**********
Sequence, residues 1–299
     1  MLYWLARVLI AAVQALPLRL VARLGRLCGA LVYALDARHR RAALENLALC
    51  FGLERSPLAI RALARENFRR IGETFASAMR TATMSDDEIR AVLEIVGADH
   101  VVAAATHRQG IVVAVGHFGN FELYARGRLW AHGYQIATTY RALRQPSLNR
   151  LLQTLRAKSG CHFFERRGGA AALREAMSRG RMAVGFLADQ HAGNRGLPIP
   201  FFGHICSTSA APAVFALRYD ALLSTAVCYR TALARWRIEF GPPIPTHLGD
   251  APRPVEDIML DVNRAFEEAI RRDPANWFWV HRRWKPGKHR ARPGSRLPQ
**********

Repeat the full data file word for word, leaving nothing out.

Sequence, residues 1–299
     1  MLYWLARVLI AAVQALPLRL VARLGRLCGA LVYALDARHR RAALENLALC
    51  FGLERSPLAI RALARENFRR IGETFASAMR TATMSDDEIR AVLEIVGADH
   101  VVAAATHRQG IVVAVGHFGN FELYARGRLW AHGYQIATTY RALRQPSLNR
   151  LLQTLRAKSG CHFFERRGGA AALREAMSRG RMAVGFLADQ HAGNRGLPIP
   201  FFGHICSTSA APAVFALRYD ALLSTAVCYR TALARWRIEF GPPIPTHLGD
   251  APRPVEDIML DVNRAFEEAI RRDPANWFWV HRRWKPGKHR ARPGSRLPQ